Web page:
Results of this cross-sectional study show that measurements of low-value services using Medicare claims data can be applied to individual hospitals to compare their overall rates of overuse. This analysis revealed differences in overuse by hospital characteristics such as teaching status, region, and nonprofit status. This novel measurement of hospital-associated overuse is a useful method for combining results across multiple indicators of overuse and comparing overall overuse within US hospitals.
Accepted for Publication: March 9, 2021.
Published: April 27, 2021. doi:10.1001/jamanetworkopen.2021.8075
Correction: This article was corrected on June 4, 2021, to correct the number of White patients, which was written incorrectly in the Abstract and Results.
Open Access: This is an open access article distributed under the terms of the CC-BY License. © 2021 Chalmers K et al. JAMA Network Open.
Corresponding Author: Vikas Saini, MD, Lown Institute, 21 Longwood Ave, Brookline, MA 02446 (firstname.lastname@example.org).
Author Contributions: Dr Chalmers and Ms Gopinath had full access to all of the data in the study and take responsibility for the integrity of the data and the accuracy of the data analysis.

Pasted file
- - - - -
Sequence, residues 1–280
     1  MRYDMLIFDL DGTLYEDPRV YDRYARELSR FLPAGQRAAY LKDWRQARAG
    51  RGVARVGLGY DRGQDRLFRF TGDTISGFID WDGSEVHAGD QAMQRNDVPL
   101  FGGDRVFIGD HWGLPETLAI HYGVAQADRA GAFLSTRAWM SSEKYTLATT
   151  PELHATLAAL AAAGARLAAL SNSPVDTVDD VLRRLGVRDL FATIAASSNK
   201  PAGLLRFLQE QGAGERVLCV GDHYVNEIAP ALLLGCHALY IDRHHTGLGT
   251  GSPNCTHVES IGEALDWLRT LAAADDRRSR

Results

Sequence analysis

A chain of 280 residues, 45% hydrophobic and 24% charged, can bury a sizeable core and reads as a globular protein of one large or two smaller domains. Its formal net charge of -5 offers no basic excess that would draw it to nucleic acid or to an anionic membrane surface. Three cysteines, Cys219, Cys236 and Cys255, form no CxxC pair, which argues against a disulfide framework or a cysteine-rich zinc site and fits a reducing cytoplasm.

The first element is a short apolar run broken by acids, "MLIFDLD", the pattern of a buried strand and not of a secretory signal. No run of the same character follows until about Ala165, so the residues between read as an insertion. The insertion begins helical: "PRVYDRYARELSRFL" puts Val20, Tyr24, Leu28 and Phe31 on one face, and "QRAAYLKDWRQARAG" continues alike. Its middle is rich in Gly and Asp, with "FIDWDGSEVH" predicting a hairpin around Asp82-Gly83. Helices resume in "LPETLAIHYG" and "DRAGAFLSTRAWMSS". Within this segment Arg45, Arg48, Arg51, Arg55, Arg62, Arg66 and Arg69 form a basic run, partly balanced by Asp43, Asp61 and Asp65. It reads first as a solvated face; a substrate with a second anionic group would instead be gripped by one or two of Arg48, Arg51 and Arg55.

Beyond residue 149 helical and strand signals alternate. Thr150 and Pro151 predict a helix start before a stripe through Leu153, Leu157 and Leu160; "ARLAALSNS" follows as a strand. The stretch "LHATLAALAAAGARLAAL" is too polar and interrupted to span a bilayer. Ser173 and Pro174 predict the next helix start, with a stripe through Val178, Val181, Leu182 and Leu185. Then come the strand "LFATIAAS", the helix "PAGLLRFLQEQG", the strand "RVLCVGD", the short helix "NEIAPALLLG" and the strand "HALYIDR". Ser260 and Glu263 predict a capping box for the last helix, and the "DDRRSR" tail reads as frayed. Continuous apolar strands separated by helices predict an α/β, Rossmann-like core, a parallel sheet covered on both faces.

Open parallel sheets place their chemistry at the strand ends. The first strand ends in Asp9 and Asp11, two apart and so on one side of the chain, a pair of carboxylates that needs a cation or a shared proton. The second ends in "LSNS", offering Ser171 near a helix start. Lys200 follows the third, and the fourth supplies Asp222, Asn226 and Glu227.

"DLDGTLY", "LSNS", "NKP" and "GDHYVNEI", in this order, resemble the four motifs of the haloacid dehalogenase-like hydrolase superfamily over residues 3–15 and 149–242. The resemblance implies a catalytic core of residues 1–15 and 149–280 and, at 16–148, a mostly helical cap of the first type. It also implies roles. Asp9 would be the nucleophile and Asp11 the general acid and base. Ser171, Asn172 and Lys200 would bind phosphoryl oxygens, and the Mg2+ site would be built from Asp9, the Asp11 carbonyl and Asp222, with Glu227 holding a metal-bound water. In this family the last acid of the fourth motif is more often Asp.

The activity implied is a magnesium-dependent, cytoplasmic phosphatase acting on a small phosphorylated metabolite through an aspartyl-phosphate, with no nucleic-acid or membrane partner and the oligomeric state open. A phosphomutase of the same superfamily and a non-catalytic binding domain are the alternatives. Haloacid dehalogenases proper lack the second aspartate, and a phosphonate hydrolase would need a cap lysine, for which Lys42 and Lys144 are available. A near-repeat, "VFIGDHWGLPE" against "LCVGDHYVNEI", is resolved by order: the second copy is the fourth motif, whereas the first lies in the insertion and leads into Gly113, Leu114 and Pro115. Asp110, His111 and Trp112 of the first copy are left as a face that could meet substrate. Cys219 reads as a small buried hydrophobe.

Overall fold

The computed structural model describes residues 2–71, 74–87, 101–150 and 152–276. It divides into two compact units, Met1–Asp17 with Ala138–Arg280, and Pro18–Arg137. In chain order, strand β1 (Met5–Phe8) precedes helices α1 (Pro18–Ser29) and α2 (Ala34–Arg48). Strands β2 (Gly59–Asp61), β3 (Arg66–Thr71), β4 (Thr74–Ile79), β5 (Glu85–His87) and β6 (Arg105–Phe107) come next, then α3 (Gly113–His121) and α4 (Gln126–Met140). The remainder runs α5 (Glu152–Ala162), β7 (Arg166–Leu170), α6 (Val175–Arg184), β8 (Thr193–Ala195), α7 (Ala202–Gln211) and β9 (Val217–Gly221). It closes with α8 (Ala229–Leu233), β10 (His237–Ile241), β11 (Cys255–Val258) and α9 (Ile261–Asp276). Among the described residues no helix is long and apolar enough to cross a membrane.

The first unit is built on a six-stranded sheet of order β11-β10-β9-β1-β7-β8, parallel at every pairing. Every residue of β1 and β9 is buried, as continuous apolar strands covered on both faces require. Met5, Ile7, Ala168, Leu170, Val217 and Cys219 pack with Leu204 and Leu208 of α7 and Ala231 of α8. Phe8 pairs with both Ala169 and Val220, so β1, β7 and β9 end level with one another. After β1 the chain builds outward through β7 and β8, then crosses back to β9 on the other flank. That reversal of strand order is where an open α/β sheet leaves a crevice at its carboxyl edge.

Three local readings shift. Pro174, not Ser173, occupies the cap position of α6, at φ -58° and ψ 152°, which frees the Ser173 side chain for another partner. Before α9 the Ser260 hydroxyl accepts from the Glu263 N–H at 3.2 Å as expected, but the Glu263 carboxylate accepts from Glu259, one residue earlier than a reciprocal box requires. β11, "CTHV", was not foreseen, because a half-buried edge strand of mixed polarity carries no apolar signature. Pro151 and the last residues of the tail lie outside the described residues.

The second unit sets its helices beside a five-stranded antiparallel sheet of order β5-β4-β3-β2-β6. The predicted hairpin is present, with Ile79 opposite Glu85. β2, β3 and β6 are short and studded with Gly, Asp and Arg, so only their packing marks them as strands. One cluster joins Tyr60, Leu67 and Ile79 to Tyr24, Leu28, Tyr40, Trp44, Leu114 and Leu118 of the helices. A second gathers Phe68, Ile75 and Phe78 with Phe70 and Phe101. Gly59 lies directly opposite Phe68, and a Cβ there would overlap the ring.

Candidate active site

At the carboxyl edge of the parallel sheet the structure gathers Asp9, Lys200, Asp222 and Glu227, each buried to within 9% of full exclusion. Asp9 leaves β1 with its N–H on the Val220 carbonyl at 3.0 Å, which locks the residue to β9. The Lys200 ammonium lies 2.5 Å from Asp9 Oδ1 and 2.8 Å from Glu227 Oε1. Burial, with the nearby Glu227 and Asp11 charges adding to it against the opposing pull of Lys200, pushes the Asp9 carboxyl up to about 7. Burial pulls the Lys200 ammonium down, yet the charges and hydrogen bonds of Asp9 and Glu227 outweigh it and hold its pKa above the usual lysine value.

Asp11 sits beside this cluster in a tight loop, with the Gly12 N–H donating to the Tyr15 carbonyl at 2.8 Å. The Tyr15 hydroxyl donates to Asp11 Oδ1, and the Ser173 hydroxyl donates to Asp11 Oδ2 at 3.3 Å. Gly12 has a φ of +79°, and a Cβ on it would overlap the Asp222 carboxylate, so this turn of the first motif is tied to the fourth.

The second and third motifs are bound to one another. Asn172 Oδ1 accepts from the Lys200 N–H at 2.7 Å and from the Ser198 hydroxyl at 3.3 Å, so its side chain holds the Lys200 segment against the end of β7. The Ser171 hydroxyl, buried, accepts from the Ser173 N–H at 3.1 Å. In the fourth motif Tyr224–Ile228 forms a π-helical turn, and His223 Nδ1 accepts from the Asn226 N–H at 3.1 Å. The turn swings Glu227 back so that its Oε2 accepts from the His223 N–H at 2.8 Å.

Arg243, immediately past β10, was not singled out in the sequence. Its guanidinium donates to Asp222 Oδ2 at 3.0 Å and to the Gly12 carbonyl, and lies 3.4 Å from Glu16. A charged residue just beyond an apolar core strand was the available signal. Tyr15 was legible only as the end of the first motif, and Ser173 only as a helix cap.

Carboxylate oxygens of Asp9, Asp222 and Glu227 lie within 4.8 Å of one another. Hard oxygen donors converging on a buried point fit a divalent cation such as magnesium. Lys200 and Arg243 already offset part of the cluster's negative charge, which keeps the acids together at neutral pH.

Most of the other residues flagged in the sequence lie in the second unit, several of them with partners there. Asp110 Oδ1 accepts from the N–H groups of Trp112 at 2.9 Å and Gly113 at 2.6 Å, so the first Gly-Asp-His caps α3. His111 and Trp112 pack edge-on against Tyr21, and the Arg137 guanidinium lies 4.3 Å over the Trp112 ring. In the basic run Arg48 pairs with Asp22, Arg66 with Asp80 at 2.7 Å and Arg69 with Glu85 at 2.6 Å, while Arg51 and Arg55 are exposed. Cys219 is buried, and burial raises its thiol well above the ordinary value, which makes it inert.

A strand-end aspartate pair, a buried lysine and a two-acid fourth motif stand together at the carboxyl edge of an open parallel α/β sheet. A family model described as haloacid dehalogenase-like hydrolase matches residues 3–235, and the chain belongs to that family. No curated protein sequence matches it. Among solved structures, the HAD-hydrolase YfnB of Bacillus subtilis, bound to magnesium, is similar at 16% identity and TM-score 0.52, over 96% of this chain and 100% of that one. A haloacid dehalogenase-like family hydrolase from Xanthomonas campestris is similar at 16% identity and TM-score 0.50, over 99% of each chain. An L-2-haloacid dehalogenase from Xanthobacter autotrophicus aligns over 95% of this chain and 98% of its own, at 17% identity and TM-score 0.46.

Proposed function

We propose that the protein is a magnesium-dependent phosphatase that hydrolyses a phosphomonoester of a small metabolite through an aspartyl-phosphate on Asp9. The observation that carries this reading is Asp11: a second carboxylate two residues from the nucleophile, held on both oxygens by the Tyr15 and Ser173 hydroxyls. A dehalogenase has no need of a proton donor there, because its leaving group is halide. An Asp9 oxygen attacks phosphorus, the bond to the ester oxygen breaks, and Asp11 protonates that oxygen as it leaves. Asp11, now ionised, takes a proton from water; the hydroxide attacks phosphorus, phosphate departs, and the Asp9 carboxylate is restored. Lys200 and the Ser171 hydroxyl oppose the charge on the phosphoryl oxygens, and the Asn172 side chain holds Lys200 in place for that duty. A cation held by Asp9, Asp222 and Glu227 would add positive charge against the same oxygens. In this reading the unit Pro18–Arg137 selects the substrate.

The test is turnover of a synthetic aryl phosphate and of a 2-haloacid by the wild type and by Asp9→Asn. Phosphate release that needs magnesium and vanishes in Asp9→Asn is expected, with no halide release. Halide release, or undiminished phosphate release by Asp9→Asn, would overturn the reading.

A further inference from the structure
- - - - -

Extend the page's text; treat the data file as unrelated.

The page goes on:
Concept and design: Chalmers, Smith, Garber, Brownlee, Saini.
Acquisition, analysis, or interpretation of data: Chalmers, Smith, Gopinath, Schwartz, Elshaug, Saini.
Drafting of the manuscript: Chalmers, Smith, Garber, Elshaug, Saini.
Critical revision of the manuscript for important intellectual content: All authors.
Statistical analysis: Chalmers, Smith, Garber, Gopinath, Schwartz, Elshaug.
Obtained funding: Saini.
Administrative, technical, or material support: Schwartz.
Supervision: Elshaug, Saini.